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This is a new (and effective) way to practice on the range!

This is a new (and effective) way to practice on the range!

Golf Chats is a website to encourage discussions on various subjects relating to the game of golf. I am Mel Sole, Director of Instruction of the Mel Sole Golf School and SAPGA Master Professional.  I invite you to enter into a discussion on this or any article on the website.  The input is for the entire subscriber base to learn something new each time!  Please post your comments below.  Keep it clean and tasteful.  We are here to learn from one another!

At the Mel Sole Golf School, I teach something very similar to what this article describes.  We call it the 48 ball drill, and it engages both the mechanical and mental skills needed to perform well on the course.  I am pleased to see that this is being discussed more and more. The crux of this article is outside the scope of golf instruction but applies nonetheless.  Thanks so much to  of Golf Digest for this interesting article.

Have you been to the range recently?

If so, you probably adhered to the typical range pattern, starting with some wedges, working your way through your irons, before moving on to hybrids, fairway woods, and then driver.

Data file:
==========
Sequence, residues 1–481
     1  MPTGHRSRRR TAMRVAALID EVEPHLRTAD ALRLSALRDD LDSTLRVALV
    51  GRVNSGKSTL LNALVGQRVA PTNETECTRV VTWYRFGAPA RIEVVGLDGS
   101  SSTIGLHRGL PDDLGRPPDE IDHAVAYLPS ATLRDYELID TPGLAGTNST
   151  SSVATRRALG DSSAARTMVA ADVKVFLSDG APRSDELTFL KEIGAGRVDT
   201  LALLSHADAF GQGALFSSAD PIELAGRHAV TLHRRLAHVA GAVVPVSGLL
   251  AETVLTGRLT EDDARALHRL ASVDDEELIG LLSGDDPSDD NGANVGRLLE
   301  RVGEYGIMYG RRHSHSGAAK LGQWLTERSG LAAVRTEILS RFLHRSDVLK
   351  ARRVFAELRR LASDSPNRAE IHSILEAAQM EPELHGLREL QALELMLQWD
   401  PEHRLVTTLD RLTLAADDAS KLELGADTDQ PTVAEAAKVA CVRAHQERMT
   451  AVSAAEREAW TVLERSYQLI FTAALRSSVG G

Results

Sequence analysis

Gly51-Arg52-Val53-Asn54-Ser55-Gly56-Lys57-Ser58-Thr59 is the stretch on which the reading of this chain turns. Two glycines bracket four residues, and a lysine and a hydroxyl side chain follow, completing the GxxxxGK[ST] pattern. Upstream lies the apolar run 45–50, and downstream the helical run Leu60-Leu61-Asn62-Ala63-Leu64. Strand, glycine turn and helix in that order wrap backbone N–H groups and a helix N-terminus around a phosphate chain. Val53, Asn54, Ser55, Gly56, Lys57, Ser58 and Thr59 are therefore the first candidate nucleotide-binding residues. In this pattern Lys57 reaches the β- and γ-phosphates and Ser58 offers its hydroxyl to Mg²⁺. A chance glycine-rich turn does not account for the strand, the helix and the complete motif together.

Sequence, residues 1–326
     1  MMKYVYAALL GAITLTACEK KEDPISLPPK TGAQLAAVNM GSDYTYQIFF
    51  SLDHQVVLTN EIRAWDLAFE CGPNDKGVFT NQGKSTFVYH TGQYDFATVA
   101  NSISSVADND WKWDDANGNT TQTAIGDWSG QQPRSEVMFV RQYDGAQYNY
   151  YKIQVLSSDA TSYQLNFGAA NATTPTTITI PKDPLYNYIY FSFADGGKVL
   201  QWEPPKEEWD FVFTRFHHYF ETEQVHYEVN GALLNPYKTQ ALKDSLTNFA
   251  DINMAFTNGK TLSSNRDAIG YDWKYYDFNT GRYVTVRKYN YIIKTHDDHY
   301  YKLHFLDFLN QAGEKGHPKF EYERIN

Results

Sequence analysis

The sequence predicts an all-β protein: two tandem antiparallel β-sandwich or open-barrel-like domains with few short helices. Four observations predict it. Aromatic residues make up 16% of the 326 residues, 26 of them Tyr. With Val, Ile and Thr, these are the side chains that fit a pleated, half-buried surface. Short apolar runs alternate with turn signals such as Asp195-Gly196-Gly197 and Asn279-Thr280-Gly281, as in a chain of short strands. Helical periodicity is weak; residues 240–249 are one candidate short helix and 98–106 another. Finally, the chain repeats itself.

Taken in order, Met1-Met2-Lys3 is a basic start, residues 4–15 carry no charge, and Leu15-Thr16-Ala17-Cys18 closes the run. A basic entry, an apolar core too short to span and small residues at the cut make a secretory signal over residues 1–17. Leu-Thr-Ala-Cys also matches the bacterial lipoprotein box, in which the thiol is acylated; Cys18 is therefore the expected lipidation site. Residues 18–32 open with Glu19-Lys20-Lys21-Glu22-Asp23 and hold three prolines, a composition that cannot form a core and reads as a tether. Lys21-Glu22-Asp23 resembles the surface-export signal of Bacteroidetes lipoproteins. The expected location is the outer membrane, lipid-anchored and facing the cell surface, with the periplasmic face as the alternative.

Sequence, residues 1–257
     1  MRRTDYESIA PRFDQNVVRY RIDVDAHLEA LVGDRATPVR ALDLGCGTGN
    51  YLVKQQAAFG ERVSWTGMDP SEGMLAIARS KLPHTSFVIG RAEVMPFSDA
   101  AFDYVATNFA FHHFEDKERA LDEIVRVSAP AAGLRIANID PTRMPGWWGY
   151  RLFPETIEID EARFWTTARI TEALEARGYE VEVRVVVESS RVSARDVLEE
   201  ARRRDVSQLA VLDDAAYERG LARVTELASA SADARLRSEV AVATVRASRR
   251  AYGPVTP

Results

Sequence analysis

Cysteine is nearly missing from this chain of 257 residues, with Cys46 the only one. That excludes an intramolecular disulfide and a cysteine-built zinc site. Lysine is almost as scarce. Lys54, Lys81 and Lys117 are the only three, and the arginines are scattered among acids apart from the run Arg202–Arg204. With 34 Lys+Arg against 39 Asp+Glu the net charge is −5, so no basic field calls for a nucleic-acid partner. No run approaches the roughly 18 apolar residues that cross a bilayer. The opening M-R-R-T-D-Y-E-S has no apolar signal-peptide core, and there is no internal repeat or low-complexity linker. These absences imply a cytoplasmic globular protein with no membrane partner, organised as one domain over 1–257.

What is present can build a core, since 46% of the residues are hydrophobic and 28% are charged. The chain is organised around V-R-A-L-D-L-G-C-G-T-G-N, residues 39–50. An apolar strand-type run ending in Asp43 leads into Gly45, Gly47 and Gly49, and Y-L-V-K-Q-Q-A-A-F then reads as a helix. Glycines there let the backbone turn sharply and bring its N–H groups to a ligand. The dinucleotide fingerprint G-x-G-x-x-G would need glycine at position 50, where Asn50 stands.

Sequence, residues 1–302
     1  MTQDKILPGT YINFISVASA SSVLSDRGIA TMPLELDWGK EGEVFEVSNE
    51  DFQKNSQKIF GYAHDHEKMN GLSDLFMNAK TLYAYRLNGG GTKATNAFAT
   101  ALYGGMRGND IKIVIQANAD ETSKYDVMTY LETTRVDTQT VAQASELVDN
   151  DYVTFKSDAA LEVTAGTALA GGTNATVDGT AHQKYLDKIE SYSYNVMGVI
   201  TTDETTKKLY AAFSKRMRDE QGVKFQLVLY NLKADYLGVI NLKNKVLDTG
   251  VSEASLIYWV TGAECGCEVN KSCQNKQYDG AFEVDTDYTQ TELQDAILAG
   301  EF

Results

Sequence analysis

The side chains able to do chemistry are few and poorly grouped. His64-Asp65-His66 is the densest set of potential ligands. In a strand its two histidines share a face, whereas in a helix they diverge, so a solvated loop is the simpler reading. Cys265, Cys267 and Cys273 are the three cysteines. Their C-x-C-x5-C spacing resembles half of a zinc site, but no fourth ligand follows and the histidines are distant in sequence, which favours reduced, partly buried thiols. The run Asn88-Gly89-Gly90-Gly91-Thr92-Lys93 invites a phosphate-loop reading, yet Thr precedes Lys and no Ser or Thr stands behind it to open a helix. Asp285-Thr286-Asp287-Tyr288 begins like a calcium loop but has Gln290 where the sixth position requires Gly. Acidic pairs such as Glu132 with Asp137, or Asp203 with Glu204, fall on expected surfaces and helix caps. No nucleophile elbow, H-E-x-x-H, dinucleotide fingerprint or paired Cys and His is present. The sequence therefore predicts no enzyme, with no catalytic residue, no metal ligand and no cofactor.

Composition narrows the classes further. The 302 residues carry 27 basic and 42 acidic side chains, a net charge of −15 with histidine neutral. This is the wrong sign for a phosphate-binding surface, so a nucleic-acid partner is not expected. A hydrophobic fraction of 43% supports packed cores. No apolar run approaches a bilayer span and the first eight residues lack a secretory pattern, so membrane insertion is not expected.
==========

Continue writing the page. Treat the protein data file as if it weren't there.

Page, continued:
This is a new (and effective) way to practice on the range!

If you’re like me, you probably hit a bunch of shots with a selected club and only agree to move on once you feel like you have that swing grooved. That’s how a lot of golfers practice, and it’s no different than musicians trying to master a difficult piece of music. Much like a golfer who will toil away at his 7-iron until he starts hitting it clean, a violinist, for instance, will repeat a certain passage of music until he or she feels they have it down pat.

That’s called a “blocked practice schedule.”

And it’s the way a lot of us have gone about learning a variety of tasks. It’s also woefully ineffective.

This is a new (and effective) way to practice on the range!

Dr. Christine Carter is a clarinetist who wrote her dissertation on “contextual interference effect.” It’s a method that she champions for musicians, and which she expounds upon in a recent post on There is no mention of golf , and yet the thinking directly applies to the way we work on our games.

To learn more about the “contextual interference effect.” go here!

Source:    Golf Digest 

Pictures: Pinterest  Samuel Globus

Thanks for reading – This is a new (and effective) way to practice on the range!

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